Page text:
The pandemic was an isolating time for many of us, and much has been made of what's to follow—aka, the horniest summer on record—as vaccinations allow us to explore intimate relationships once more. But the last 15 months have likely changed us, and that can leave us feeling unsure of how to proceed. Do we want casual hookups that were inaccessible during the pandemic? Or did the sobering experience of the past year leave us wanting more than steamy sex? What if we're not ready to have sex at all?
On the latest episode of The Well+Good Podcast, sexperts discuss the opportunities and challenges presented to us by the hot-vax summer ahead—and any baggage we might bring along as we make up for lost time.
- Rae McDaniel, LCPC, CST, a certified sex therapist and the founder and CEO of Practical Audacity, a mental health practice specializing in gender and sex therapy.
- Rebecca Alvarez Story, sexologist and founder of Bloomi
- Shan Boodram, certified sex educator, author of The Game of Desire, and sex and relationships expert at Bumble
The prospect of getting it on—with a stranger or any other human—can be very exciting right now; however, it's perfectly normal not to feel ready. For many, the stress of the last year diminished sex drive, says Rebecca Alvarez Story, sexologist and founder of the intimacy marketplace Bloomi, and it's not exactly easy to hit the reset button on our psyches.
"I think that we have shoved down, by necessity, so much of ourselves and our connection to our bodies over the past year and a half," agrees Rae McDaniel, LCPC, CST, CEO and educator at Practical Audacity, a gender and sex therapy group, and at Genderfck, an online group coaching program for trans and non-binary folks. To reawaken this part of ourselves, McDaniel notes that it's important to stimulate the five senses, whether or not doing so includes sex.
Listen to the full episode below:
Fortunately, many people experimented with solo sex during the pandemic, which may have expanded their notions of pleasure, says Shan Boodram, author of The Game of Desire and certified sex educator. "I hope that you take the definition and bring it into partnered play," she says. In other words, you may be tired of spooning your vibrator, but don't forget what it taught you when you experience intimacy with partners again. "It's not fun just to be a charity case for other people's pleasure and a donor for other people's orgasms," Boodram says.
And while there's no harm in sexual hedonism during this summer of rediscovery, Boodram cautions us to remain responsible. People deserve to have fun and feel liberated, she says, but that doesn't mean they should dispose of sexual health concerns and ethical attitudes that can lead to people having better and safer intimate experiences.
The best place to start when navigating this newfound freedom? Boundaries. "It's about knowing what it is that you want and what you desire, and what you don't want and what you don't desire...and staying very grounded in that while also respecting other people's boundaries," McDaniel says. "I think that might be a difficult thing this summer—not on purpose, not because we're trying to bulldoze over people's boundaries, but because I do think there's a lot of expectation for our needs to be met in ways that they haven't in a long time."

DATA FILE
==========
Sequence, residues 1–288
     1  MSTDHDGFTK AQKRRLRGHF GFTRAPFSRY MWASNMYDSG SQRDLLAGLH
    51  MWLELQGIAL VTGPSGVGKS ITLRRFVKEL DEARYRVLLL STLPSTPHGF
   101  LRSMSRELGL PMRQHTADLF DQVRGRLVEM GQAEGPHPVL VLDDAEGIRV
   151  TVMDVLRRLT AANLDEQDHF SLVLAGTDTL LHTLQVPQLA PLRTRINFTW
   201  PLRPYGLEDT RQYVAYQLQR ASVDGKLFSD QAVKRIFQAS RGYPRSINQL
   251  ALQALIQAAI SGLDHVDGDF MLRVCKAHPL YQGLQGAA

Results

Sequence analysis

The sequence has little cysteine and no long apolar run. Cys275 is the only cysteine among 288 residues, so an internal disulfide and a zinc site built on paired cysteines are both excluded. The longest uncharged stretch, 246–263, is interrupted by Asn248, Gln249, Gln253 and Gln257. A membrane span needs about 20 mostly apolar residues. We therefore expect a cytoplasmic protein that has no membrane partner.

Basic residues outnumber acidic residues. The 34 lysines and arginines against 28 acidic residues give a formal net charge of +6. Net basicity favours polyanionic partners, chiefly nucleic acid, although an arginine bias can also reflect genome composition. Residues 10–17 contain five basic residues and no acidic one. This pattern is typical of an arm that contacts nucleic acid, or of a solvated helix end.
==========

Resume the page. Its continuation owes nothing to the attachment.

Just as it's crucial to respect your partners' boundaries this summer, McDaniel says it's also important to stay connected to your wants, needs, and values while pursuing intimacy. In other words, having casual sex ad nauseam when your goal is a relationship—or getting into a relationship ASAP when you want to date casually—isn't going to be the right call if you're not honoring your true desires.
And after the year we've all had, both McDaniel and Boodram insist it's more important than ever to be true to yourself. To that end, Boodram notes that gender identity and sexual preferences may have shifted during the pandemic as well. "[People have] had a lot of time to reflect on their gender identity," she says. "And there is a lot of pressure and social anxiety that I see coming up for folks." It's vital for you to honor any changes you've experienced over the past 15 months and to be affirming and supportive of loved ones who might be navigating new terrain, too.
Ultimately, as we deep dive into hot-vax summer, YOLO has taken on an even deeper meaning. "When I think of sexual well-being, I think of a healthy and grounded relationship with partners, with sex, with eroticism, with intimacy and our bodies... consent-based... shame-free and pleasure focused," says McDaniel. "My hope for this summer and beyond is that we remember that we only get one life, and we deserve to feel pleasure and joy in it."
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